Diagnosis and Treatment of Work Addiction

Work Addiction

Work addiction is a form of behavioural addiction. It is characterised by an excessive need to work, which leads to negative consequences for physical health, interpersonal relationships, personal well-being and the ability to fulfil social roles.

Symptoms of Work Addiction

Someone who is suffering from work addiction is no longer able to relax and regenerate. Work addicts significantly restrict or completely give up social activities. They find it (almost) impossible to work in moderation and to abstain temporarily from working.

The first symptoms of work addiction become apparent when a person continues to work excessively despite the difficulties this creates in many other areas of life. As well as physical illnesses that are tied to stress, work addiction leads to mental health problems such as an inability to function socially, depression, anxiety, burnout, relationship problems and increasing isolation, which as a reaction to excessive work can in turn reinforce the disease.
For people with a work addiction, work becomes the main preoccupation in life. They lose interest in all other activities and pursuits such as relationships with family and friends or hobbies. They no longer work to live but live to work.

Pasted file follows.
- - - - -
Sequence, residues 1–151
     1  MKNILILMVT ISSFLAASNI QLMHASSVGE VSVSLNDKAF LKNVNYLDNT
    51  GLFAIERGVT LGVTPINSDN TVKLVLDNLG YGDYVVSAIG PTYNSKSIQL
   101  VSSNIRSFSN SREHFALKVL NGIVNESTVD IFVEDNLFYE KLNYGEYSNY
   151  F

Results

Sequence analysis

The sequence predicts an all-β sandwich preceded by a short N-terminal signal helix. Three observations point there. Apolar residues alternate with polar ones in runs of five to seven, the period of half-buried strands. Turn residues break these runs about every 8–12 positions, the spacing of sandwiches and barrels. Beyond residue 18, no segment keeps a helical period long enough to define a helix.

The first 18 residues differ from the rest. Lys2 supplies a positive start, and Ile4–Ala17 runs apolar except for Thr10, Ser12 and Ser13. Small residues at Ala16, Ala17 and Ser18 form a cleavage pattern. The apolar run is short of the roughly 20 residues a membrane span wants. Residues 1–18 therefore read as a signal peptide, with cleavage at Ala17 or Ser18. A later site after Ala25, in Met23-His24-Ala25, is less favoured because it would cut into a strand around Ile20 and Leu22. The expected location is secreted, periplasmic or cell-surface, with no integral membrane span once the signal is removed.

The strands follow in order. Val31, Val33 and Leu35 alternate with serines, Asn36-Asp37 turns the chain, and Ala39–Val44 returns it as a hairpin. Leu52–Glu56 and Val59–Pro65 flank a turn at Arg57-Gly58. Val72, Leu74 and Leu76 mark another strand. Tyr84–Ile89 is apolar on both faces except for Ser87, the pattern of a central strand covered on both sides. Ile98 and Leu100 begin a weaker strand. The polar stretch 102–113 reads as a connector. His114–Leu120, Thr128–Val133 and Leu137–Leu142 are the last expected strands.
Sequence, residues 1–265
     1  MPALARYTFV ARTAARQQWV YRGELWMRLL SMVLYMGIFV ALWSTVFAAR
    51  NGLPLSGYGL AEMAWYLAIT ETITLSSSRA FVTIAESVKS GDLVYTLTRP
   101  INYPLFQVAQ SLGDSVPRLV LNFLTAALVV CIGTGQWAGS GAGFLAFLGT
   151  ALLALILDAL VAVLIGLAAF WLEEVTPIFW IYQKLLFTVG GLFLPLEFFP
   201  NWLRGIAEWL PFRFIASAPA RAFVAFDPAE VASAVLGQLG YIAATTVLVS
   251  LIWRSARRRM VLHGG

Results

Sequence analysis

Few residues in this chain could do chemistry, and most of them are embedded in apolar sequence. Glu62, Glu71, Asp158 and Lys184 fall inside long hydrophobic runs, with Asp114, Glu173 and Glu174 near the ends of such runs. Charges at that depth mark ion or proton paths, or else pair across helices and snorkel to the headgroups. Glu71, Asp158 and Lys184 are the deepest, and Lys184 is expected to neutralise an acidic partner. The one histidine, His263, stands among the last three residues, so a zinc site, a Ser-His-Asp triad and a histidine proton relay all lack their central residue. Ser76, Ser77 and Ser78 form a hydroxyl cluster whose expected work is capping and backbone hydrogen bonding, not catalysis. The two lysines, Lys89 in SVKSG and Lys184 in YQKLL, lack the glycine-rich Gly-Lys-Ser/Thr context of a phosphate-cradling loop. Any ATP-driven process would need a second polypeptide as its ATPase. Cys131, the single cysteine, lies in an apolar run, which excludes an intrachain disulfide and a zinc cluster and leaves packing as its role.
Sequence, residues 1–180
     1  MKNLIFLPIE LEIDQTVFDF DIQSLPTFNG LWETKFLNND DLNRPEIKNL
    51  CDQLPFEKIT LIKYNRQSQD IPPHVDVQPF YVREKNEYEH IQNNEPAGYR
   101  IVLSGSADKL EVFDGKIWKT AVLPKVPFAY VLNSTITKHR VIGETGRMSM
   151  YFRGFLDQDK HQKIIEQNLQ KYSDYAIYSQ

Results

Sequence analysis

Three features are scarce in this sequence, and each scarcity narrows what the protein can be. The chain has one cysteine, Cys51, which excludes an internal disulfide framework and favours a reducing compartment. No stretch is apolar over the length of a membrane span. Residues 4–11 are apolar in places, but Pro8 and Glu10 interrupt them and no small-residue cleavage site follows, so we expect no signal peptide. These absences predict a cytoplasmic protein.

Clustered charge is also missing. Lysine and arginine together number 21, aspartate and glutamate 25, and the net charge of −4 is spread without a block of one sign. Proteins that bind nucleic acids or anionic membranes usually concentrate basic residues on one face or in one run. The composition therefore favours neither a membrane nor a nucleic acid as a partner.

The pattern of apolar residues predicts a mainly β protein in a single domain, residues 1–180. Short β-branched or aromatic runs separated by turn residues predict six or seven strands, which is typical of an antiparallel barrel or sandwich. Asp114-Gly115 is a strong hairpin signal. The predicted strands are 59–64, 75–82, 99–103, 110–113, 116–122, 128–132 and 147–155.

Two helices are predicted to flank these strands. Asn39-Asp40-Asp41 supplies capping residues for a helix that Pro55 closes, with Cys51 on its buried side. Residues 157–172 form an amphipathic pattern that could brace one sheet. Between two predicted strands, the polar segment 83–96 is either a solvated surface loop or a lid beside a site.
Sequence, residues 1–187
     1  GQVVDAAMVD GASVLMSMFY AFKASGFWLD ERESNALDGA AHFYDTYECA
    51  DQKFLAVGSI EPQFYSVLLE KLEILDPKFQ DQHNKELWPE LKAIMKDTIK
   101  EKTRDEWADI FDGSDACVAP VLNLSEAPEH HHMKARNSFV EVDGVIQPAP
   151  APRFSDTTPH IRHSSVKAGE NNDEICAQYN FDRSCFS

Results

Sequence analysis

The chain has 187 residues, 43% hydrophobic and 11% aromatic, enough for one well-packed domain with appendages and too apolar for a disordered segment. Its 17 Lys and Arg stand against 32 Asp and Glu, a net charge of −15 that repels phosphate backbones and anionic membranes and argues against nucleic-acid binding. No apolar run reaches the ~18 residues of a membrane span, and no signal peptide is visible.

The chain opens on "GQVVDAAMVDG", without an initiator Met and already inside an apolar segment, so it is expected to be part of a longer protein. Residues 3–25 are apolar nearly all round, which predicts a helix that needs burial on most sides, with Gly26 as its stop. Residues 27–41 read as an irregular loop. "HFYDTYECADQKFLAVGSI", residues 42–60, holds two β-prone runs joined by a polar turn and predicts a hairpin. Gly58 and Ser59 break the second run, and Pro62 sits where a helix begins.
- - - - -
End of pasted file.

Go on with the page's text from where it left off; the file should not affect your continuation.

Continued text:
Studies on differences between the sexes in relation to work addiction have not shown an increased risk for either men or women to become work addicts - both have a similar risk.

Treatment of Work Addiction

The first crucial step in the treatment of work addiction is to establish the stage of the illness. The treatment itself is guided by the particular symptoms of work addiction that are present. In addition, co-occurring mental illnesses suffered by the patient, such as a burn-out process, and the consequences are also dealt with.

Before treating a work addiction, a specific treatment goal must be agreed between the doctors and the patient.

No longer working is not the goal. Instead we seek to analyse the value of work in the individual’s life and to reformulate their priorities.

Such therapeutic work can involve building self-esteem that is not based on work performance and working on other personality-based factors. Therapy can also focus on establishing specific times for work and for leisure activities. Special importance is given to the attractiveness of the individual’s goals and wishes and the belief in their implementation.

The decision regarding the need for a lengthy period of residential treatment is based on the severity of the work addiction and any co-occurring mental health issues, such as late-stage burnout, or other serious mental or physical disorders or social impairments. Residential treatment should always be followed by long-term, non-residential follow-up care.